March 2013

OFFLOADING: Walkers’ effect on proximal biomechanics varies depending on design characteristics

Tibial inclination appears significant

By Jordana Bieze Foster

Orthotic walkers have significant effects on proximal joint mechanics during gait, the extent of which appear to depend on individual device design, according to research from the University of Central Lancashire in the UK.

Investigators analyzed the kinetic and kinematic effects of two different orthotic walkers on hip and knee function in 11 healthy volunteers. The two devices differed from one another primarily with regard to positioning of the heel rocker and inclination of the tibial component: Device A featured a slightly more anterior heel rocker and a slightly anterior tibial inclination; Device P featured a slightly more posterior heel rocker and a slightly posterior tibial inclination.

Compared to walking in normal footwear, both walkers were associated with significantly greater knee flexion angle during stance phase, but only Device P was also associated with a significantly increased knee flexion moment. Knee extension moment was significantly higher for both rockers than for normal footwear, but was also significantly higher for Device P than for Device A.

At the hip, both walkers were associated with significantly greater hip extension angles and significantly decreased hip extension moments compared to normal footwear. In both cases, the deviations were more pronounced with Device P than Device A.

These effects are likely related to the relatively posterior positioning of the heel rocker and the posterior tibial inclination in Device P, said James Richards, BEng, MSc, PhD, professor of biomechanics at the University of Central Lancashire, who presented his group’s findings at the ISPO World Congress in Hyderabad, India.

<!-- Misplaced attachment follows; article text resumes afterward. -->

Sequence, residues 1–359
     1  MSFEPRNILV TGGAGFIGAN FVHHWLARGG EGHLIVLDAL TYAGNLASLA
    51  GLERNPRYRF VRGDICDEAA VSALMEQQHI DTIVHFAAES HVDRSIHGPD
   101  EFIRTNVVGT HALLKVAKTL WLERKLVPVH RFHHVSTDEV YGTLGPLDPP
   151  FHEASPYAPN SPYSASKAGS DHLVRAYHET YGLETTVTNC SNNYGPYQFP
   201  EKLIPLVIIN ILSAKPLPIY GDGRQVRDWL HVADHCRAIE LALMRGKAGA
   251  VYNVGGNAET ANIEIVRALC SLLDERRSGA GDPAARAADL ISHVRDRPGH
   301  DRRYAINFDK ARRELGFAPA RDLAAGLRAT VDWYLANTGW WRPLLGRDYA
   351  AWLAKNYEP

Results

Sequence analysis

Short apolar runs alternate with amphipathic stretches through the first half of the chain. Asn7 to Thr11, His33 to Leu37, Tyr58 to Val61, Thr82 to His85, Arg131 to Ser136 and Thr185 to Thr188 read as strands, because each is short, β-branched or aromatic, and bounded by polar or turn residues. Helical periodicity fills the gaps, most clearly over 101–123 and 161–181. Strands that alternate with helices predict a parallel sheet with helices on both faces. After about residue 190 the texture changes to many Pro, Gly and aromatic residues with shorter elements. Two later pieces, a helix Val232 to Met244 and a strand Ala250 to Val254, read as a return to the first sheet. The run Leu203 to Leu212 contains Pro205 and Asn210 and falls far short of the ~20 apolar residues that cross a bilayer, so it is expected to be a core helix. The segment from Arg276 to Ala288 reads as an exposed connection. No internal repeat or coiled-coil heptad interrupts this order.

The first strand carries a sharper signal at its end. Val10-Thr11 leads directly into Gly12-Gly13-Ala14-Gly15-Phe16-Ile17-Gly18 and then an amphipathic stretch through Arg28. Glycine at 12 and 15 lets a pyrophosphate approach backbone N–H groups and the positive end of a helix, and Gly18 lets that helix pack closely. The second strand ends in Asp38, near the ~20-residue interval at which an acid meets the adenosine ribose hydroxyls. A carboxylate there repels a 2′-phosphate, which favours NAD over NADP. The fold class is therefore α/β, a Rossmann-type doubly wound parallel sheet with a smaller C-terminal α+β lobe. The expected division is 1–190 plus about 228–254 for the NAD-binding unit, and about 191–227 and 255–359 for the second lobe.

The concept of an association between tibial inclination and gait mechanics was also discussed during several ISPO sessions by Elaine Owen, MSc, SRP, MCSP, superintendent and clinical specialist pediatric physiotherapist at the Child Development Centre in Bangor, North Wales, UK.

In her work with children with cerebral palsy, Owen consistently advocates that the shaft of an ankle foot orthosis be slightly inclined relative to vertical, with inclinations varying in degrees depending on the patient’s natural inclination, stiffness, and any observed shank reversal. Owen described these evidence-based concepts in a 2010 paper published in Prosthetics & Orthotics International.

“An optimal alignment is always one where they can incline the thigh,” Owen said. “It’s the inclined alignment that will give the optimal performance.”

Richards believes that similar biomechanical concepts may be at work with regard to the proximal effects of orthotic walkers.

“A better tibia inclination angle seems to be a dominant factor in knee and hip mechanics, although the rockers are also very important,” he said.

Richards emphasized, however, that manufacturers are constantly redesigning devices and probably have done so since the launch of his group’s study.

“The take-home message is that not all walkers are the same,” he said. “Further research is needed on the effects of orthotic walkers on knee and hip joint mechanics with a focus on the effects of changing the tibial angle and rocker profiles. This should help to inform future designs of walkers, with a greater focus on obtaining a more normal gait pattern.”

And, when it comes to at least one variable, an orthotic walker’s effect on the knee may actually be positive. The Central Lancashire group found that both devices were associated with significant reductions in knee adduction moment, which is commonly used as a surrogate for medial knee loading in studies of patients with medial compartment knee osteoarthritis, compared to normal footwear.


Richards J, Payne K, Myatt D, Chohan A. Do orthotic walkers affect knee and hip function during gait?  Presented at International Society of Prosthetics and Orthotics 2013 World Congress, Hyderabad, India, February 2013.

Owen E. The importance of being earnest about shank and thigh kinematics especially when using ankle-foot orthoses. Prosthet Orthot Int 2010;34(3):254-269.

Leave a Reply

Your email address will not be published.

This site uses Akismet to reduce spam. Learn how your comment data is processed.